Dialogue with Don and Robert (re: Heaven and Hell)

In this discussion, Don and Robert are objecting to my post Everyone Is Going to Heaven.  Instead, they believe that those who have faith in Christ are going to heaven and everyone else is going to hell. 

Don and Robert are two friends of mine.  They both identify themselves as evangelical Christians.  This dialogue took place on FaceBook several months ago.  I’ve removed it from there and placed it here.

The interaction began when Don commented on one of my blog posts (which posts directly on FaceBook when I publish it on WordPress).  Robert joined in later.

Don:  Hey Mike, one of your articles says that everyone goes to heaven. However, I could give you 100 references in the New Testament that says you must say, “Yes,” to Jesus to get to heaven. You must recognize He is the Son of God and gave Himself as atonement for sin. You cannot read the New Testament without this being clear. Why do you brush that aside? Just saying “Yes” to him is not asking too much compared to what He did for us.

Mike:  I do not brush anything in the New Testament aside, for it and the Old Testament are the word of God. I base everything I believe on it – including the truth that everyone is going to heaven. You are right to say that we should say “Yes”… to Jesus, but we do not have to say “Yes” to church in order to say “Yes” to Him. And just because everyone is going to heaven does not mean that there is not judgment for our sins – both in this life and the one to come. My message is this: love Jesus and serve His kingdom!

Don:  How can you have both? How would you feel as a father to have given your son and all you ask is that people hear and believe what He did for you is true. That is all you ask, but they reject your son in word and heart felt attitude.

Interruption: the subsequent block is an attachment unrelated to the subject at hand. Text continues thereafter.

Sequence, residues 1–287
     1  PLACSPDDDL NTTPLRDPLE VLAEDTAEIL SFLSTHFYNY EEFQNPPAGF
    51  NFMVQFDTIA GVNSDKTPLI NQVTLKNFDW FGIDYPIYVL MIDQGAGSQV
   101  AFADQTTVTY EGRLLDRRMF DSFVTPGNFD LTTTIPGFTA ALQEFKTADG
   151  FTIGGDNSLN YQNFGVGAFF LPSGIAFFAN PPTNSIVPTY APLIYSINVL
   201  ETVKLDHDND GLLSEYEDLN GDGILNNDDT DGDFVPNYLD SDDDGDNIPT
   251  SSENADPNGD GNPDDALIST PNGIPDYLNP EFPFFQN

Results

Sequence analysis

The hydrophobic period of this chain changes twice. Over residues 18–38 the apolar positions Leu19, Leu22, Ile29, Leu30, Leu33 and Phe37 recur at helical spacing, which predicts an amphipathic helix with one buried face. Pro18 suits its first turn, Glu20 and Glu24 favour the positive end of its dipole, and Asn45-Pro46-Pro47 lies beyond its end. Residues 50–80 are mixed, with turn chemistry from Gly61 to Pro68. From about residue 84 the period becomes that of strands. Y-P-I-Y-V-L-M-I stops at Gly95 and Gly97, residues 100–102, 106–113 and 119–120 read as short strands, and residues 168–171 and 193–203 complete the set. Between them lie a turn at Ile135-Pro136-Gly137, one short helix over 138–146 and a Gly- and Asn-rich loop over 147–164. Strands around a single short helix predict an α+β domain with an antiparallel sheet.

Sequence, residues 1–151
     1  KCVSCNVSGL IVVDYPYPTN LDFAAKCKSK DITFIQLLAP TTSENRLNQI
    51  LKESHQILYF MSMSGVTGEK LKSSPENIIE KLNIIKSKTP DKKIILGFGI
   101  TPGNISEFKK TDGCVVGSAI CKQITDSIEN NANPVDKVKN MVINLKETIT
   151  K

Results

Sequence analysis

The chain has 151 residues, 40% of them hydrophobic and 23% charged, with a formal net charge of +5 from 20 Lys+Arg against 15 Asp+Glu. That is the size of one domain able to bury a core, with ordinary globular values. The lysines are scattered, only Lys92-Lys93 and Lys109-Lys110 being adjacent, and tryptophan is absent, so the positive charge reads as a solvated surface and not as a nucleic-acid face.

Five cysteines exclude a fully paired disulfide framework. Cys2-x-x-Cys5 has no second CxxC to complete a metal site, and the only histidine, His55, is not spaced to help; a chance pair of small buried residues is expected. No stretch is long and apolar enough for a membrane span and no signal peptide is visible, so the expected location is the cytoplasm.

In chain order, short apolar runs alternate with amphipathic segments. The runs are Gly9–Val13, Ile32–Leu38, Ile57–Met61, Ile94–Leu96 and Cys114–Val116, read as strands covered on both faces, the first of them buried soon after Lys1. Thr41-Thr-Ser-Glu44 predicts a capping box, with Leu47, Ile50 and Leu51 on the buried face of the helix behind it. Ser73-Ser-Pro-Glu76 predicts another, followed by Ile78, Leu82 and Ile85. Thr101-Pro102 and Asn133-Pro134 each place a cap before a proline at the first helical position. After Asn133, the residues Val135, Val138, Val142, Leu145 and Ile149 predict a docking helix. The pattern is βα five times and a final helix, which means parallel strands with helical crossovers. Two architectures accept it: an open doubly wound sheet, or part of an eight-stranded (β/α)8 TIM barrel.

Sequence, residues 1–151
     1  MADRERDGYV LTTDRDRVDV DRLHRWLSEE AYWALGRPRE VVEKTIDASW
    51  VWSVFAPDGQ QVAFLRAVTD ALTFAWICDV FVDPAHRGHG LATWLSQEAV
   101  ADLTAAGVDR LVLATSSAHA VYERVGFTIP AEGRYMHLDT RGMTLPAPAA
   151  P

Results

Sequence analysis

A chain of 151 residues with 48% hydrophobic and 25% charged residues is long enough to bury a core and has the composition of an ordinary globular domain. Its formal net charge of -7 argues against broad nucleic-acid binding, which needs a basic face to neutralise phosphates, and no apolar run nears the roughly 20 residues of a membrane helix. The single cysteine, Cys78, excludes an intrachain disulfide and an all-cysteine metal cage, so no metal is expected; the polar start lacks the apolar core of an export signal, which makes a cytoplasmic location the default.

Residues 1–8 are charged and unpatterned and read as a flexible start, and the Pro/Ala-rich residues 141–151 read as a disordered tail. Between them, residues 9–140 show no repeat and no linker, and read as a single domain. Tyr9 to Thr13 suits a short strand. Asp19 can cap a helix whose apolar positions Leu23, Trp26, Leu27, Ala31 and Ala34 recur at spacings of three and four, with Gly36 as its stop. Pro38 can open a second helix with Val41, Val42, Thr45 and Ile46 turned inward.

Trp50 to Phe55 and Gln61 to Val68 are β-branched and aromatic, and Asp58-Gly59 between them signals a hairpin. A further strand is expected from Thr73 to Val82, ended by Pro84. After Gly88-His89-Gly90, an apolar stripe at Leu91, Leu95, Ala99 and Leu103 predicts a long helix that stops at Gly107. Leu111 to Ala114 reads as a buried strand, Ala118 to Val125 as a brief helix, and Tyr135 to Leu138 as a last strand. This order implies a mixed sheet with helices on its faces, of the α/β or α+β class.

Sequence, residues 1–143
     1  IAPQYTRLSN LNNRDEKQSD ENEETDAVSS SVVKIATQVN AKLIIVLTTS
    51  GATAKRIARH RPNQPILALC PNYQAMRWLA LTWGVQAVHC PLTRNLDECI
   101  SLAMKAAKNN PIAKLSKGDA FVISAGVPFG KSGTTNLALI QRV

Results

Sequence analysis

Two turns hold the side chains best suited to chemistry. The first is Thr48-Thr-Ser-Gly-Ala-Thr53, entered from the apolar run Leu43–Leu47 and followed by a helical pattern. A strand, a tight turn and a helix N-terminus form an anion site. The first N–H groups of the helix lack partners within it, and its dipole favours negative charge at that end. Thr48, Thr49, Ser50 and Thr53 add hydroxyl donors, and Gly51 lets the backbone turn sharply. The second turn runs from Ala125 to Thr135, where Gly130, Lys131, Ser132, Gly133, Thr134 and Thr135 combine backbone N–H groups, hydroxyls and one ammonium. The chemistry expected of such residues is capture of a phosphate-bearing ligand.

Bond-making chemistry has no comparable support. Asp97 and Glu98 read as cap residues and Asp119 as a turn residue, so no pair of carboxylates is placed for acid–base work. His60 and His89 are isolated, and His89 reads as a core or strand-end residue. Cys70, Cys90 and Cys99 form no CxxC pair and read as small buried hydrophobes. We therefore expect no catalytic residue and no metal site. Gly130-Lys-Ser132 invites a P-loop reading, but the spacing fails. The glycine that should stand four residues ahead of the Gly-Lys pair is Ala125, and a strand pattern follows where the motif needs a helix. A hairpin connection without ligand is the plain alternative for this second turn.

Mike:  I would forgive them. Isn’t that what He has taught us to do?

Don:  God judges no one as we are judged already. Jesus is available for those who want to escape the judgement. He gives you free will. Will a loving God send someone to heaven who does not want to be there?

John 3:18, ‘There is no judgement a…waiting those who trust him. But those who do not trust Him have been judged already for not believing the only Son of God.”

Mike:  God chose heaven for our destination when we die just as He chose earth for our destination when we were born; in neither case do we choose the destination. Our choice is whether we will repent now or when we die. If we repent and trust Him now, we may be able to escape the judgments that are on the world and falling all around us. This is the promise of the verse you quote.

Don:  Where does it say in scripture that we have another opportunity following death? The only revealed will of God I can count on is what is in the pages of the Bible.

Mike:  Have you never read the scripture that says “every knee shall bow” or the one that says “as in Adam all die, so in Christ shall all be made alive” or the one where Jesus says “I will draw all men unto Myself” or the one that says He died not for the sins of some “but for those of the whole world” or the one that says He is “the Savior of all men”? If these are not enough for you, read my book The Biblical Case for Everyone Going to Heaven which has much more and is posted on my blog site. Why are you so opposed to everyone going to heaven?